egest


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egest

[ē′jest]
(physiology)
To discharge indigestible matter from the digestive tract.
To rid the body of waste.
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References in periodicals archive ?
The difference between the number of seeds ingested and the number voided (egested) was considered to be the number of seeds that the worm had digested.
(1) My earlier work on origin of planetary systems, which similarly proposed that planetary materials were egested from the Sun, gave me the privilege of responding to Kompanichenko's brilliant work.
This difference in mechanism of nutrient balance is important because excreted nutrients are in immediately available chemical forms whereas egested nutrients must undergo further processing before algal uptake, and may be more important to benthic than pelagic processing.
They determined that, although biodeposits from a single size class can be assigned to the individual mussel that egested it, the variations in biodeposit morphology from a single mussel are greater than the variations between mussels.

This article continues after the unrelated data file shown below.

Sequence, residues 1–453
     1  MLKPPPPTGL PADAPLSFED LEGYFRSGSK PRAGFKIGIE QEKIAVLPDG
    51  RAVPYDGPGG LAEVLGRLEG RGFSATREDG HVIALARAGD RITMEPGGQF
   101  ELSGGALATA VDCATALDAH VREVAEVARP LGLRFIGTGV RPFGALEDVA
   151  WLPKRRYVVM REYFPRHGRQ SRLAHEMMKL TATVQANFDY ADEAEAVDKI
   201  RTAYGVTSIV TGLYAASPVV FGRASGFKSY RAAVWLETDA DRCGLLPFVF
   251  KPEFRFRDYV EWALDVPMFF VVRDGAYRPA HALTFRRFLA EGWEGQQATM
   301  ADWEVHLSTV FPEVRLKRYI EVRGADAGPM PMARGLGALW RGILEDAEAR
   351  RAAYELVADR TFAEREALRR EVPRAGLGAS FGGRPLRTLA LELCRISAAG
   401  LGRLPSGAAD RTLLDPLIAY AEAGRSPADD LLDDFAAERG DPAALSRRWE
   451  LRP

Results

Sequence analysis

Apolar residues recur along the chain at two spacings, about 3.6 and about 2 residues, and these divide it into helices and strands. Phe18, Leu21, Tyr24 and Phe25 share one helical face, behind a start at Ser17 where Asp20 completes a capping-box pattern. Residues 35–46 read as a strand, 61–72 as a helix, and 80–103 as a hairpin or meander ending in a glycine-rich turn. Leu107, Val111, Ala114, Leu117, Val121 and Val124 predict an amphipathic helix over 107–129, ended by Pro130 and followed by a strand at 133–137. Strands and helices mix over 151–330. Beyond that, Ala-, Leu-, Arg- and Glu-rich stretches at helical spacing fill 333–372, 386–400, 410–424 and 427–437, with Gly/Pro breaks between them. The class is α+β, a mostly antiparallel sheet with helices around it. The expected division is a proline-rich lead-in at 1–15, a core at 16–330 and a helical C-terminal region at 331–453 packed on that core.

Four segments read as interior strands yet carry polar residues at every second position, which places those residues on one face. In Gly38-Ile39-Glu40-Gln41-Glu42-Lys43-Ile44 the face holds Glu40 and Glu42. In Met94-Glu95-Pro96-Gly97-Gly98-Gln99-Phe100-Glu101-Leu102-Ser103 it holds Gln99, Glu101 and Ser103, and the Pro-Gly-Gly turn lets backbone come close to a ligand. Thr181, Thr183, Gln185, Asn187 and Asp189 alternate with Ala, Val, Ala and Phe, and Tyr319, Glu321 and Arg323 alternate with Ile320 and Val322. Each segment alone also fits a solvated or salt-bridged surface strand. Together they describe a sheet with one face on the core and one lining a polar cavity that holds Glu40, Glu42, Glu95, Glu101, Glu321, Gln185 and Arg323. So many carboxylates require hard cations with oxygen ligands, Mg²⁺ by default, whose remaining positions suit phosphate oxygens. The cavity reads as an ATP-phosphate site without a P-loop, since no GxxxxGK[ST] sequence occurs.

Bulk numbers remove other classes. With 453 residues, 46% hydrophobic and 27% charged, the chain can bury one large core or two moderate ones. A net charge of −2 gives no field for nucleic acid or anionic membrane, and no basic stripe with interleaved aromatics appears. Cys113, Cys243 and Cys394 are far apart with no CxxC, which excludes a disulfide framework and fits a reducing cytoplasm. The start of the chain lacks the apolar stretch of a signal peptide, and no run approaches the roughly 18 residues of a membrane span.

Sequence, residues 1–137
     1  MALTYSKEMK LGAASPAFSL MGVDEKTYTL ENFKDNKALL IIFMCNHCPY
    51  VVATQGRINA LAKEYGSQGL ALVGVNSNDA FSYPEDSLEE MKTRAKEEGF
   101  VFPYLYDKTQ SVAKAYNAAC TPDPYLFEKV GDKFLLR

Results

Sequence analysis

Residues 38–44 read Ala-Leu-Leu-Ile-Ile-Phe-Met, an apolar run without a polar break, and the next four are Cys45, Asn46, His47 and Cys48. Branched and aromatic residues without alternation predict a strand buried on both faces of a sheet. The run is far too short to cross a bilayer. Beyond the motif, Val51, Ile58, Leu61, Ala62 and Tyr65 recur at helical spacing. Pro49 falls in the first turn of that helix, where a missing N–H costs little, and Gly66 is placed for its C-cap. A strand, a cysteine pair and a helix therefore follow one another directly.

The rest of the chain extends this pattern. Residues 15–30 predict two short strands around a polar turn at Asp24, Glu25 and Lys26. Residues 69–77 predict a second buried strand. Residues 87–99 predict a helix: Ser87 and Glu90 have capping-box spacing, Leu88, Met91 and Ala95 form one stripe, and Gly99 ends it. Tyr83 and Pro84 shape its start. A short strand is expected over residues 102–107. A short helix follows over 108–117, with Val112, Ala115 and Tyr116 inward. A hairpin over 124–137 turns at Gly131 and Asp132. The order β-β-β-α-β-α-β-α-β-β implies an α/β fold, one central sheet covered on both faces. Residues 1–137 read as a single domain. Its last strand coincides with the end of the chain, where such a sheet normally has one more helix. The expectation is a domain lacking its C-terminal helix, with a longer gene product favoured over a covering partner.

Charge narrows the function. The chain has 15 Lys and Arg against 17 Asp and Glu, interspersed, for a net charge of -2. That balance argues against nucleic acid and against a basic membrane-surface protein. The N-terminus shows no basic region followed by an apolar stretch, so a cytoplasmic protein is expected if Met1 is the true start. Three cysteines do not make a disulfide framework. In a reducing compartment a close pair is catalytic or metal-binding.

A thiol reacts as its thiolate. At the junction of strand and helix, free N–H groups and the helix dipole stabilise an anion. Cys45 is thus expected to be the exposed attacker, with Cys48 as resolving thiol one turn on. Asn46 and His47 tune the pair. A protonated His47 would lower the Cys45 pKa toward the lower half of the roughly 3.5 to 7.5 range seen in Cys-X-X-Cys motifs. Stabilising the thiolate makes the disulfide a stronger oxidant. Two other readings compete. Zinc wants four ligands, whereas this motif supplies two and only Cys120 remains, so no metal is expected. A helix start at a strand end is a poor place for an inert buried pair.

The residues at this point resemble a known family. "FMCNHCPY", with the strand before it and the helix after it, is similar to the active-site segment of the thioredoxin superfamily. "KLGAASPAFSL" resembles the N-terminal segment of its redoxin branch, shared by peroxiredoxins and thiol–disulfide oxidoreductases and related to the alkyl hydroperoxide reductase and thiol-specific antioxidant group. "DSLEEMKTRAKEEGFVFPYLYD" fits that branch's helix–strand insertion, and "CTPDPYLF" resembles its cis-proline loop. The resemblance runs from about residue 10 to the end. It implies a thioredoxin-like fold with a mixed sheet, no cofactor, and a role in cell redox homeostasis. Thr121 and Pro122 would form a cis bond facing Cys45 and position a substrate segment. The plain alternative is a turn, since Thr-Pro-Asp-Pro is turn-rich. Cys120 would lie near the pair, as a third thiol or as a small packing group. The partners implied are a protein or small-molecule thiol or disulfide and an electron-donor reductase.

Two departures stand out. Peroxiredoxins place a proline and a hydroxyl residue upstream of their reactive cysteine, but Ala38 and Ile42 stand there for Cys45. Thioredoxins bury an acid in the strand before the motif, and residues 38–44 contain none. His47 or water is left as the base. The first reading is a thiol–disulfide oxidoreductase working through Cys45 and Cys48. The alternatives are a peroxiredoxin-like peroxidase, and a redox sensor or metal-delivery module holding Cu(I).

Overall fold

It is so thick and slippery that it falls off the skin or egested by our digestive tract without being absorbed.
A smaller bit is being egested with no alterations, whereas the greater part is eliminated in the form of metabolites, through urine [7].
Within Proteobacteria, the gut digesta (61-70%), egested fecal pellets (52-87%), and tank water (36%) were dominated by class Gammaproteobacteria; the pharynx tissue (31-45%) and feed (24%) by class Alphaproteobacteria; and the gut tissue by Epsilonproteobacteria (96-99%).
At saturation and beyond, the ingested food may exceed stomach capacity; partial digestion may occur before the food is diverted to the midgut and egested as feces, leading to reduced absorption efficiency (e.g., Winter 1974, Widdows et al.
Transmission to healthy plants occurs when the infected vector feeds and egests the bacterium into the plant's xylem.
Both beverages have their exclusive, expensive variants, such as Kopi leak, made from the seeds of coffee berries once they have been eaten and egested by the Asian palm civet, which reaches retail prices of $700 per kilogramme.
Food needs to be ingested, digested and egested via their siphons.